The Anglo-French Combined Joint Expeditionary Force (CJEF) has demonstrated its capabilities in the recently concluded Exercise Griffin Strike off the coast of Scotland.
The Royal Navy said that the two-week-long high-intensity maritime warfare training exercise marks a significant milestone in the development of the CJEF.
Exercise Griffin Strike has tested the readiness of forces to deploy worldwide for a range of missions.
This year’s exercise was held as part of a wider NATO exercise known as Joint Warrior.
A combined headquarters was created aboard French amphibious assault ship FS Tonnerre.
Task Force commander Royal Navy Rear Admiral Andrew Burns said: “Exercise Griffin Strike has built on the successes of similar exercises since the Lancaster House Treaty and taken the CJEF capability to the next level.
“This year we have delivered a degree of complexity that leaves the maritime component of CJEF ready to take its place in full joint and combined operations.”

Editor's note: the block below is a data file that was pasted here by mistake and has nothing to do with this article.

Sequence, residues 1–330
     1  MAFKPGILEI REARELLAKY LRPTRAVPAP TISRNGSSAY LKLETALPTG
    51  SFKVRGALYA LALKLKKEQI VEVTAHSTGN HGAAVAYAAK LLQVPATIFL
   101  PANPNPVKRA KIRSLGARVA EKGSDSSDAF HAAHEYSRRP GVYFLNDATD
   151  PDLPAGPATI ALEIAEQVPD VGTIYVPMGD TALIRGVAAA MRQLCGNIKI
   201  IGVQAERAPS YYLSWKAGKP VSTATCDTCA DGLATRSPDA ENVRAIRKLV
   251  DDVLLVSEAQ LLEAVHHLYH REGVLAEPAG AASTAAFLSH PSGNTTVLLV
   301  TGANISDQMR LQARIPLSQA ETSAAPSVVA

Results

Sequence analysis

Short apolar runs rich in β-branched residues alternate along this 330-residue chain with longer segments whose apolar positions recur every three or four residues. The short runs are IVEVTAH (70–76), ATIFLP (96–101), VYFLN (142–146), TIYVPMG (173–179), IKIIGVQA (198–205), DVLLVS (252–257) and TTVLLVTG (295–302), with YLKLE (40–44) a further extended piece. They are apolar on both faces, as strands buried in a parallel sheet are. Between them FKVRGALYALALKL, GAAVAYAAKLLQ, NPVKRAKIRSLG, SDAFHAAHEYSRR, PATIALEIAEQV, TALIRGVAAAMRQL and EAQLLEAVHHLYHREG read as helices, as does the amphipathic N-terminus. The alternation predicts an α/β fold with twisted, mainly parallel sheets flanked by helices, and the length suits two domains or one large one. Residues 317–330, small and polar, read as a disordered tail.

The CJEF had its genesis in the Lancaster House Treaty between the UK and France in 2010.
Through the treaty, the two governments envisaged the creation of a deployable military force capable of supporting high-intensity combat operations.
The countries aim to make the CJEF fully operational by mid-2020.
During the exercise, the CJEF had to navigate minefields and avoid detection from submarines.
Griffin Strike also included the UK’s Amphibious Task Group and Royal Fleet Auxiliary ships.